Jessica Diaz-Hurtado, a Washington, D.C., based multimedia artist and journalist has won the inaugural “USA Our Way” contest, sponsored by ArtChangeUs and Define American. Her prize winning video, “Mi América,” showcases a reflective spoken word piece, overlaid with footage from North, Central and South America.
I wrote Mi America on a road trip from Dallas, TX to Washington D.C. I had just moved back to the United States after being away for almost a year. I hadn’t written a poem from the pit of my stomach in a long time. Fresh from culture shock, I began to understand my identity as an American in a different perspective passing through small southern towns making my way back to the North.
I never fully understood what it meant to be American, other than my primos in El Salvador introducing me as their American cousin. I just knew that having this title granted me privileges- education, opportunity and passport to a life I wouldn’t have if I wasn’t American. It was a blessing and a curse. It was what my parents left their home to become. Growing up as I’ve traveled between my home in Latin America and the United States of America, I began to realize that American became synonymous to white, to gringa. So I rejected anything American because I knew US America didn’t want me and my people. They wanted to build walls to keep us out. They called us stupid and burdened. America never felt like home.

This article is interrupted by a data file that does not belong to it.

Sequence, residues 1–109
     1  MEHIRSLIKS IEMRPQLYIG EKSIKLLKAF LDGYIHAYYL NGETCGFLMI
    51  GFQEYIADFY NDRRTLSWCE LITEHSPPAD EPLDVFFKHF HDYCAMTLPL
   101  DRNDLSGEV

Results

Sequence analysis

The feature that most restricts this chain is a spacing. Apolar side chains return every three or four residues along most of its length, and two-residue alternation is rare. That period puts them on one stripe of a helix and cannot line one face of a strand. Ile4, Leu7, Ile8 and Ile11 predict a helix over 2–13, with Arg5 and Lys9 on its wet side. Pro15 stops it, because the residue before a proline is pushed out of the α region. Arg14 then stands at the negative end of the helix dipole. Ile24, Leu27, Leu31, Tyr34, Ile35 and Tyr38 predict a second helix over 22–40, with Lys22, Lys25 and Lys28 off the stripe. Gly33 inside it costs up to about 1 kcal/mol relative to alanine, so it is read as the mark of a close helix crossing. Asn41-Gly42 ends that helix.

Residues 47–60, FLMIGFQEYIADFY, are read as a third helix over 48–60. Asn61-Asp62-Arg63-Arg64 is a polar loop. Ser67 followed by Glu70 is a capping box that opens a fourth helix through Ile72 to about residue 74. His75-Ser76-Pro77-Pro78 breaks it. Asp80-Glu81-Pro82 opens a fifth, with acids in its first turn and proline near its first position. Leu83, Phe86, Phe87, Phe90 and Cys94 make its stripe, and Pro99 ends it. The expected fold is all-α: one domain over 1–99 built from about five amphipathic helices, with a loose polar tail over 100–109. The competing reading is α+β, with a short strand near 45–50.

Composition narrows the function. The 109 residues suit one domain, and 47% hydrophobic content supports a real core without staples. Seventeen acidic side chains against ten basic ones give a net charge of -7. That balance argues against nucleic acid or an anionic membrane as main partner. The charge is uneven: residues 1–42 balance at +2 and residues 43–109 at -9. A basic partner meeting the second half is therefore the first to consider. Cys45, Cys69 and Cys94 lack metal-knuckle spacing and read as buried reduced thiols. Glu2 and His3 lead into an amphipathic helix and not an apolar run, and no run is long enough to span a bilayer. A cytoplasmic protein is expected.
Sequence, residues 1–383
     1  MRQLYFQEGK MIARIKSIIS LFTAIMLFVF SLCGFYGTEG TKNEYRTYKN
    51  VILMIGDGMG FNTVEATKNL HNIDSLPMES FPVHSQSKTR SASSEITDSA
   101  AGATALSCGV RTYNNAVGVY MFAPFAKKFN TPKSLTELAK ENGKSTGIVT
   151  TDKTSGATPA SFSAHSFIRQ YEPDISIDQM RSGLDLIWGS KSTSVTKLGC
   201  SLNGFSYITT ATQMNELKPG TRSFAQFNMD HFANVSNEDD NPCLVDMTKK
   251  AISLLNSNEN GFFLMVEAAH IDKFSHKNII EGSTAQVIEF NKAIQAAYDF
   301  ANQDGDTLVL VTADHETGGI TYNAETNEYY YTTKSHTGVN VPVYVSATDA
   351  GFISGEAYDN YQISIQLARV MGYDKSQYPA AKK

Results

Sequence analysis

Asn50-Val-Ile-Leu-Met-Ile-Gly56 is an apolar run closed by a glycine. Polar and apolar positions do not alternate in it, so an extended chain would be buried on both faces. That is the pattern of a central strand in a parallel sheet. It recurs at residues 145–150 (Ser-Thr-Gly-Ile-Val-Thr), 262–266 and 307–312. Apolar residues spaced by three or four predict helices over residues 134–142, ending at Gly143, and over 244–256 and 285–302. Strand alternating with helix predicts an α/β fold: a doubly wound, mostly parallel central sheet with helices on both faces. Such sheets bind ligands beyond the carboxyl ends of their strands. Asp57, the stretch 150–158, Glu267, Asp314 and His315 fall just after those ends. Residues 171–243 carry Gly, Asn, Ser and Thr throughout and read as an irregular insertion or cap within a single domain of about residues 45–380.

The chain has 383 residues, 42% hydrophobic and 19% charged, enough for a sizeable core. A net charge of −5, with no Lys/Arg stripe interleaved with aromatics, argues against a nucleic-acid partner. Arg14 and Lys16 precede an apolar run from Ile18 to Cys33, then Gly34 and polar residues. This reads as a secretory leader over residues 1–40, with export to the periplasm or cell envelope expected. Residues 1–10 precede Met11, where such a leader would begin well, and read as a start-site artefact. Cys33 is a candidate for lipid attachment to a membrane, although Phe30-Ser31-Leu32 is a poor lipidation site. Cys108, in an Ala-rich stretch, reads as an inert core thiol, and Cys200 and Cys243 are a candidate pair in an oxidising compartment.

But after living in my home country of Colombia in South American and reconnecting with my Central American home, I began to understand what it meant to be American. It meant to be tied to my roots. It was native. It was black. It was beyond a colonized America. It was mixed. It was marginalized. It was wombyn. It was life. It meant to be reborn in my truth. Becoming American was a process I felt on this road trip of a raw confrontation with North America. America no longer had borders for me. America in its entirety was me and my home. It was diasporic, it was to be in more than one place.
Define American and ArtChangeUs congratulates Jessica for her hard work with the $1,000 contest award, and thanks her for expanding the conversation about what it means to be “American” today.